Few words frighten potential adopters as much as “special needs.” Even pets deemed aggressive tap in to an adopter’s sense of redemption, whereas “special needs” tends to equal “lots and lots of extra work” in people’s minds. The truth is that, yes, special needs pets require some unique adjustments, but these adjustments can be integrated into daily life and soon become the new normal. One of the great benefits of adopting a special needs pet from a shelter or rescue is that the staff and volunteers have worked with the animals and have a very good idea about their dispositions and what they will need to be successful in a forever home.
Humane Society of Rome currently has several special needs pet available for adoption. Usually, their descriptions are included in the slide show, but today they are part of the article, to give them fair coverage. All of these cats are well socialized, and only one does not like other cats. All use the litter box appropriately. Please read on to learn about these cats (and one very special dog) and then take a look at them in the slide show.
- Willow is a 10 month old, spayed female, gray cat. She is outgoing and social, and she loves to get attention. Willow was born with a deformed paw and leg…she doesn’t put much weight on her left front paw and she walks with a limp, but she can still run, jump and play. The vet says she’s not in pain, but she will need to stay slim to not put too much strain on her legs. She got along well with the cats that resided in her foster home, including her own kittens (yes, it is all too possible for a 10-month old cat to have a litter of kittens). She had some trouble getting traction on smooth floors, and would skid all over the place when she got going, but she took it in stride. Even though she is still practically a baby herself, she was well behaved in her foster home. Bottom line: Make sure Willow does not get fat, and she will have a long, pain-free life ahead of her.
- Dippy is a 2 year old, neutered male, gray tiger Bengal mix cat. He is laid back & friendly and mellow around other cats and dogs. Dippy is also a pet therapy cat and visits residents of nursing homes and residences for people with developmental disabilities. He has cystitis, so he must eat a special food (Royal Canin SO) and take a daily Cosequin supplement to keep him healthy. Dippy has used his litter box consistently since he came to the shelter. When he arrived his poor bladder was hard and he was having a tough time passing urine. The veterinarian put him on Clavamox and started him on Cosequin & the Royal Canin food. He has not had any issues since July 2010 when he came in, but cystitis is a condition that definitely needs to be watched. Dippy needs scoopable litter so that his parents can make sure that he is still passing urine. The good news is that he is a champ about taking a pilled…every morning he comes to the front of his cage & opens his mouth for it! Bottom line: Dippy is a good-natured guy with an unfortunate problem. Stay attuned to his…ahem…output and keep him on a good diet and you can avoid many problems.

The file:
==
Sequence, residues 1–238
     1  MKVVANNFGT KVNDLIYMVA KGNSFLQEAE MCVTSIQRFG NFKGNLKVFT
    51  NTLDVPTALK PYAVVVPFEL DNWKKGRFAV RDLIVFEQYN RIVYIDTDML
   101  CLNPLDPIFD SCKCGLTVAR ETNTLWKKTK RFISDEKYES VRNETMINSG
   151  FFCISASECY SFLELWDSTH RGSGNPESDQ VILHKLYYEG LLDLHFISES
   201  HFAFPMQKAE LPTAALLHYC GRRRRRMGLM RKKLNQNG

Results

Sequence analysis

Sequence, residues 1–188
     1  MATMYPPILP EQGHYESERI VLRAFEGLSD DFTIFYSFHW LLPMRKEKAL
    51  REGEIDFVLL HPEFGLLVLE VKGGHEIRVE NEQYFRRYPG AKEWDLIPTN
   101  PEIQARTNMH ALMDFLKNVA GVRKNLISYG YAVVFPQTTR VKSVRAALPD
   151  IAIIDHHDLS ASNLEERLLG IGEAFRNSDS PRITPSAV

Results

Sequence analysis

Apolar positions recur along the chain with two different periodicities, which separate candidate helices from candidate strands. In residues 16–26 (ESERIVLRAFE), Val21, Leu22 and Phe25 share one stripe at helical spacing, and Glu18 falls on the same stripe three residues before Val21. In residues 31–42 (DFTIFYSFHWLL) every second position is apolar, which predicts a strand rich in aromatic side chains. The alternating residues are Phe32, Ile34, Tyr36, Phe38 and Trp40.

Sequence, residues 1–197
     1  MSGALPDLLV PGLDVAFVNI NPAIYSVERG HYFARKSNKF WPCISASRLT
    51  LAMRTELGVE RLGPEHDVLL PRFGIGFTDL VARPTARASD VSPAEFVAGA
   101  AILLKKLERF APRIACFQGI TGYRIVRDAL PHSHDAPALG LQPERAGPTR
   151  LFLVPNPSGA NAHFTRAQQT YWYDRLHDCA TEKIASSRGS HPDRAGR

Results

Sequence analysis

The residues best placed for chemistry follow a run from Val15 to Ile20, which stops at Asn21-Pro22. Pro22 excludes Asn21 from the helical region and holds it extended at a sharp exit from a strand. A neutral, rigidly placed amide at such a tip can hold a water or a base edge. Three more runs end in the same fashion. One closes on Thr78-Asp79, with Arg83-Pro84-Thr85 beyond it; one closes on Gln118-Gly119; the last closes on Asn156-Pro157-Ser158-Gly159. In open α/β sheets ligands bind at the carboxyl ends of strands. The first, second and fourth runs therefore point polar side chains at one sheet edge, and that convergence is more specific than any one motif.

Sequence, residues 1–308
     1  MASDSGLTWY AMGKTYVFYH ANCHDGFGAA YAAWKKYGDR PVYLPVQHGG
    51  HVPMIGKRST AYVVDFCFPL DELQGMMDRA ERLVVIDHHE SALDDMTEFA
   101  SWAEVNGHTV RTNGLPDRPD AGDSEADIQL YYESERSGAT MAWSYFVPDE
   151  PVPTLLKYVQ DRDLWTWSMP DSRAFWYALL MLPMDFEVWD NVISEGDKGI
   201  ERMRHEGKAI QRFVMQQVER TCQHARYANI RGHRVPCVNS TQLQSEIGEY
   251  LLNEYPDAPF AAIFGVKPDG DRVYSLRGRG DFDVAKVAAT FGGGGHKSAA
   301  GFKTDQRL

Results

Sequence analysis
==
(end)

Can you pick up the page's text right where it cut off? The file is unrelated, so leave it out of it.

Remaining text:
- Denton is a 6-7 year old, neutered male, orange tiger kitty. He is loving, snuggly and affectionate. Denton has a big snaggle tooth sprouting from his bottom lip – it makes him look like a crazy sabre tooth tiger! He can still eat, and it does not seem to cause him any discomfort. Denton was in a foster home with other cats and did well with them. Bottom line: Seriously? A snaggle tooth? He may not look like every other cat on the block, but how awesome would it be to have the sabre tooth tiger in the neighborhood?
- Eva is a 3-4 year old, spayed female, white kitty. She is playful, flirtatious and talkative. Eva has some scarring on one of her eyes…she has partial vision in that eye, but she can see just fine out of the other eye. Eva would be perfect as the only pet in the home, as she reserves all of her love for people rather than other pets. Bottom line: Eva might not be able to qualify for a driver’s license, but Toonces really should not have had one, either. Who can blame her for wanting all of the attention in a home? She’s a pretty girl and is used to being the center of attention. As we learned from Homer, even completely blind cats can do very well, thank you very much.
- And our very special guest here in the world of cats is Ford. Ford is a 1 1/2 year old, neutered male, brindle and white boxer/pit mix. He is friendly and affectionate, and he is good with cats and small dogs. Ford is completely blind, so he needs an owner with a lot of time and patience to help him learn the layout of a new home and help him develop confidence. (He has bumped into a lot of things in his short life, so he is very timid about going for walks or exploring his surroundings.) Ford will need a person who is experienced with dogs. He was relegated to a tiny pen in a trailer park for his whole life, with no attempt to housebreak him or teach him confidence. The person who turned him in let him get into the habit of grabbing her pant leg and following her around. Blind dogs can be taught how to get by and have manners, but they need people to teach them how. Bottom line: Ford got a raw deal. He never had a chance with his previous owner and now needs an experienced dog person to teach him how to be a well-adjusted, well-behaved pet.